"There was this cloud, a dark cloud. You could literally feel the depression in the air," Pakistan native Feriha Siddiqui said.
Feriha, who now lives in Ocean Springs, says her recent trip to the country she's always called "home" felt like being trapped in a different world.
"Every time I was in a public place, I had this fear of someone blowing themselves up or a sniper just killing people. So I truly felt terrorized," she said.
She arrived in Pakistan several days before former Prime Minister Benazir Bhutto was assassinated. The chaos surrounding her assassination was a far cry from the country Siddiqui lived in for more than 20 years.
"It's a beautiful country with beautiful people. But to experience this, I was overtaken with grief. It was just sad," Fariha said.
Back in Ocean Springs, her family worried about Feriha's safety during the chaos.
"It was like, So who's safe? If you disagree with the people who wanted her killed, then who's going to be next?" Feriha's husband Obaid said.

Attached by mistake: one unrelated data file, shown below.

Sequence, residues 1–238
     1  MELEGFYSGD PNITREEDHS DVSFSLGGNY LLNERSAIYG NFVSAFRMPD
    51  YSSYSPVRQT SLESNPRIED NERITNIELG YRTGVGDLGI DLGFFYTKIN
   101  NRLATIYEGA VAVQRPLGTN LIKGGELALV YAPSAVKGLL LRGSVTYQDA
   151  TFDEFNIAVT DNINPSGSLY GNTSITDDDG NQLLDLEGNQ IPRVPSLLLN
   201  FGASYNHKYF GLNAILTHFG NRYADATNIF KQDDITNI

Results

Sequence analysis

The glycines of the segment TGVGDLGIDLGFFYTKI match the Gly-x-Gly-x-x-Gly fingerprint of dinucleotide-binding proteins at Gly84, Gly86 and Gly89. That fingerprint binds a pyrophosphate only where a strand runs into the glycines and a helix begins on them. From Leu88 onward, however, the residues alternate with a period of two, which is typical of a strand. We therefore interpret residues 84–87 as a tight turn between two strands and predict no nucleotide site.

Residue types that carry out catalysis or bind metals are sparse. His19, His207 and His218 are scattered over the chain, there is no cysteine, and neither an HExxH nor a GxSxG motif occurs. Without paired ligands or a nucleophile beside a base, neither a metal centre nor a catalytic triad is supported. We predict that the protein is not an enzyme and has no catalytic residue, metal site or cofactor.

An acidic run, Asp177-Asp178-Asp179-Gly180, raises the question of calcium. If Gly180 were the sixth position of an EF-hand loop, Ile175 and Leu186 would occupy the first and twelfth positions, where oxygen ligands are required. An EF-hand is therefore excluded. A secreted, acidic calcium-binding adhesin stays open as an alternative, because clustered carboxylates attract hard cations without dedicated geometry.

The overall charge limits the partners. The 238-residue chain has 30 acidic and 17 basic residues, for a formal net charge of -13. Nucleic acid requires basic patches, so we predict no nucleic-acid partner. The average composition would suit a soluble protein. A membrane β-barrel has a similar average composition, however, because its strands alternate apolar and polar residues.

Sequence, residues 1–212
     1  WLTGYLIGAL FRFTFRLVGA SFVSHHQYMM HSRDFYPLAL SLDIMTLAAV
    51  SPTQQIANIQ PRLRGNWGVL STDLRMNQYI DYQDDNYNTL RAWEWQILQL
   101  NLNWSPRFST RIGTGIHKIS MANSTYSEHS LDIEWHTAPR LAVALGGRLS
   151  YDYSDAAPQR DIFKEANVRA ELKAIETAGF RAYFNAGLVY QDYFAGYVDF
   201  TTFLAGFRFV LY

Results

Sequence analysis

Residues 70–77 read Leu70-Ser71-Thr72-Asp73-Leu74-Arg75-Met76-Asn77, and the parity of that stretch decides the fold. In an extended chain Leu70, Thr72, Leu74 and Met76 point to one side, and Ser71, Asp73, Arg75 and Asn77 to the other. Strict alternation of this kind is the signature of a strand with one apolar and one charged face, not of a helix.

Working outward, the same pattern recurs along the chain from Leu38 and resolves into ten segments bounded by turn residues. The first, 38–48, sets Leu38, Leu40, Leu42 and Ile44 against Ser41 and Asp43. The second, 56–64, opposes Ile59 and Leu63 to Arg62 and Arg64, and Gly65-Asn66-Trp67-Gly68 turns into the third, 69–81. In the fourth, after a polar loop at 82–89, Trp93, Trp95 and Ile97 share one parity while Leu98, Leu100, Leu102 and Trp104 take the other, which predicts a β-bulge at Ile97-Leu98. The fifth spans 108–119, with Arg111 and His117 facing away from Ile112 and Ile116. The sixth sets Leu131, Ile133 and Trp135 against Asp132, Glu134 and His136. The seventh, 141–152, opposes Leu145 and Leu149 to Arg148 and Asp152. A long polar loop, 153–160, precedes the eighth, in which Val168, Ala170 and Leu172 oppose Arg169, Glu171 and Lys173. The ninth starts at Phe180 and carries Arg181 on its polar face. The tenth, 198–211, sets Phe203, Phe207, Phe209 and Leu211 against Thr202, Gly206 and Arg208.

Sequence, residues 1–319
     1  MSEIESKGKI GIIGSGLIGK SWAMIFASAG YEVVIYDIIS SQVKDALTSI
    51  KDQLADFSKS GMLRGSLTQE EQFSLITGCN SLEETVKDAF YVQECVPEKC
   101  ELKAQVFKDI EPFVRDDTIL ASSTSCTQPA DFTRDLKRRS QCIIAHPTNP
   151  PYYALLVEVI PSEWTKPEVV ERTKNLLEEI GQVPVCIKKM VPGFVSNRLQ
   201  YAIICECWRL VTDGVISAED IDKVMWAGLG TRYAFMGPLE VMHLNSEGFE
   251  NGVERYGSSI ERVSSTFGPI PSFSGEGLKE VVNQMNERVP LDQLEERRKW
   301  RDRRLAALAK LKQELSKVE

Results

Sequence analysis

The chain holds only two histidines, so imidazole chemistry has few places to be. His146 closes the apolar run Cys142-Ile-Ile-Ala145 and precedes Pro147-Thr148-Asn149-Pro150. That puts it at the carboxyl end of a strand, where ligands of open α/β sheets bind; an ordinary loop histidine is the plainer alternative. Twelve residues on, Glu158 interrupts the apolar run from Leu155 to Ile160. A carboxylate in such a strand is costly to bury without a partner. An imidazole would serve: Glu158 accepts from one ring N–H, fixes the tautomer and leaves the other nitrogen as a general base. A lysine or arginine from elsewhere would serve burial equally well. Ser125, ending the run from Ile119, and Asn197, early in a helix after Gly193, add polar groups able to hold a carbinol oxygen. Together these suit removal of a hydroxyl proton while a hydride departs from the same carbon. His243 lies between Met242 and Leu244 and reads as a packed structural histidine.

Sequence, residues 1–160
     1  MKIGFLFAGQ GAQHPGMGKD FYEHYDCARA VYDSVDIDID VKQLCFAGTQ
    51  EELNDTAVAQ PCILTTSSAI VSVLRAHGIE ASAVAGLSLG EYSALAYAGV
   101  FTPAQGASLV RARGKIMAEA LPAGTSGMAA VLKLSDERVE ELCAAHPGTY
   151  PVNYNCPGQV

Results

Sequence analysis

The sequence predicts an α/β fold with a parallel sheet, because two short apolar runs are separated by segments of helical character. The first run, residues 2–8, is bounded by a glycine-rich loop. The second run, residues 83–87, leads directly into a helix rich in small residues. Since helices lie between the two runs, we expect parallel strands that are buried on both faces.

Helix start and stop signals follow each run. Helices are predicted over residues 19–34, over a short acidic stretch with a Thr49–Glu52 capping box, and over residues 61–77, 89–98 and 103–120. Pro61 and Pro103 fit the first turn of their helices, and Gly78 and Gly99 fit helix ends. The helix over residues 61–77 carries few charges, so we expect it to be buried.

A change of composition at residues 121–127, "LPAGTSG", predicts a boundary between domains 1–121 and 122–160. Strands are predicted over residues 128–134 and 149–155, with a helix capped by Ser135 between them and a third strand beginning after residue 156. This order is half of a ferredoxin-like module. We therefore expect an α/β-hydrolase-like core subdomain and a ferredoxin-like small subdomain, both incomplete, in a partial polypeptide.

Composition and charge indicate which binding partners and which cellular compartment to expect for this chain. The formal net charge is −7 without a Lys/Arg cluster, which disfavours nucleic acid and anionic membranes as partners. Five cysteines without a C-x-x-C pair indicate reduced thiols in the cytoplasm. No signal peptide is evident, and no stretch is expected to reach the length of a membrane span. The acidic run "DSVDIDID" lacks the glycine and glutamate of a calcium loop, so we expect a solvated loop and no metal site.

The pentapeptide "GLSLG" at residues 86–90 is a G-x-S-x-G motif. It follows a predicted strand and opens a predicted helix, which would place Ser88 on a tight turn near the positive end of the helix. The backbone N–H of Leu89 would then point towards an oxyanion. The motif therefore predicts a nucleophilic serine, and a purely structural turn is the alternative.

Obaid Siddiqui says Bhutto was an incredible leader and a unique political figure. He believes the aggression of Pakistanis stems from their deep love and affection for Bhutto.
"There were millions and millions of people for whom she was the hope of light. There's nothing more devastating than losing hope, and with her death, they lost that hope," Obaid said.
He says that Bhutto was different from any other leader, and that Pakistanis loved her leadership and charisma. To many, she felt like family.
"People literally, in true sense, millions of people were in love with that woman. And to be truly honest, I don't foresee in the near future anyone who will have the same place in the hearts of the masses that she did," Obaid says.
Pakistani President Musharraf said in an interview on Sunday that Bhutto is solely to blame for her assassination. Bhutto's December 27th assassination forced a six-week delay in parliamentary elections, which are now set for February 18th.